Now, there’s a myth that’s been circulating for years – something about T&T’s size, economy and competitive landscape being the reason why there’s no need to go all out. In other words, if a certain brand has an industry in a chokehold, why put all the effort into being innovative when there’s no one else to compete with? Not as if consumers have a choice, right? It’s true we live on a veritable speck and there’s not much room for anything, far less mammoth rivalry (think State Farm vs. Progressive vs. Geico, or Colgate vs. Crest, though we do have Digicel vs. bmobile), but that’s no excuse for being complacent.
Let’s take a look Angostura’s launch last year with their newly shaped bottles and their new rum. When these campaigns started making the rounds, the agency responsible screamed “SUCCESS!”, while their colleagues in the ad business lost their lunches and the general public compared the new rum to axle grease cleaner. So my question would be what do they consider successful about a campaign filled with scantily clad chicks with spray tans and ice? I’m sure I’ve seen that before, like in every alcohol ad. Probably, they’re talking about the fact that people didn’t stop buying rum after seeing that?
Yes, sales matter, and it’s the ultimate measurement for a campaign. However, creativity in execution should count. Plus, consumers have high expectations now that we’ve been exposed to cable TV and the Internet for years. Society has become more discerning, and now we have international entities throwing their hats into the local ring like Axe, and their multiple big-dollar campaigns (http://youtu.be/8qskcmabLuQ). More creative tactics are required to attract attention. Surely, the agencies know this; so why aren’t we getting innovative, local ads?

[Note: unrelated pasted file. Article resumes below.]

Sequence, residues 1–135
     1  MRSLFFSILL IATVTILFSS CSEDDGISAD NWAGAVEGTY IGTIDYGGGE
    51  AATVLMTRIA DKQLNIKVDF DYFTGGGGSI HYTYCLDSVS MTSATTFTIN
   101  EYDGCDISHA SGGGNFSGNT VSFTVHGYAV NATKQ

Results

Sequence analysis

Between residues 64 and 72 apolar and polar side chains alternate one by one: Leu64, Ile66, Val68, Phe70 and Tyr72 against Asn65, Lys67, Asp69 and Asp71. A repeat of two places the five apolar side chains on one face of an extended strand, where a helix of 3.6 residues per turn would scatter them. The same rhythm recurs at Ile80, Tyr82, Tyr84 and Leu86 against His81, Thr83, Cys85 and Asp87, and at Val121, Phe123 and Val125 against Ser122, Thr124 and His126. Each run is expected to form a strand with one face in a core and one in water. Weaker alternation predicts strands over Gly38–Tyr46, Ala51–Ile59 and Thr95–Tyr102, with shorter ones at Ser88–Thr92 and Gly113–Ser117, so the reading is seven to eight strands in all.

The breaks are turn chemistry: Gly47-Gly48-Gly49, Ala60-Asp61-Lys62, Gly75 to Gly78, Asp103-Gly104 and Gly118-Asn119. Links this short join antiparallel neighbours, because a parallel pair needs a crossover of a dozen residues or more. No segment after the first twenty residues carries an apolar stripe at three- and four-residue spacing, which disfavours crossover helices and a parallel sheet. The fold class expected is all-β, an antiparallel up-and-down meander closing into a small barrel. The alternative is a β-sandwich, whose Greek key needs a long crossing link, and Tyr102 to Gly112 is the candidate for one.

Bringing a campaign up to modern standards means keeping up with current technology, and conceptualising a new idea every time means a new set of costs. As I said before, advertising, depending on the size of a campaign, can run upwards from thousands to hundreds of thousands and even millions. Then there’s the process of going back and forth from the drawing board, presentations, focus groups, market testing, acquiring slots in the media, billboards, merchandise, and the list goes on. In order to keep costs down, some things must be sacrificed, namely, creative freedom, originality and quality, resulting in a mundane ad at best.
However (I think this goes without saying), advertising is an investment. If done right, the more you put into it, the more you get out of it.
So what do industry insiders and stakeholders need to do? I got another unanimous answer for that – take more risks, give more leeway and trust the professionals. When it comes to creativity, an open mind can do wonders. You see things from multiple angles and you’re more open to different ideas.
All things in life are best in moderation, so too many restrictions leave no room for growth, while too much freedom can result in chaos. Finding a balance between the two, where everyone can agree, is best.
Really, it’s a pity that as a society that has so much creative potential, we don’t go all out on many things. But I do have hope – sooner or later we’ll get there, hopefully sooner than later.
The utopian idea of clients and agencies coming together to create truly innovative, local advertising that meets their need for profit, and consumers’ love for stimulating, entertaining advertising may seem far fetched. However, I don’t think we haven’t seen that kind of creative growth in the local advertising industry, because the talent is missing. Maybe, it’s a matter of them putting in more brainwork and elbow grease, we, the consumers, demanding the creativity and innovation we’ve been deprived of for so long.
Image credit: gspottt.wordpress.com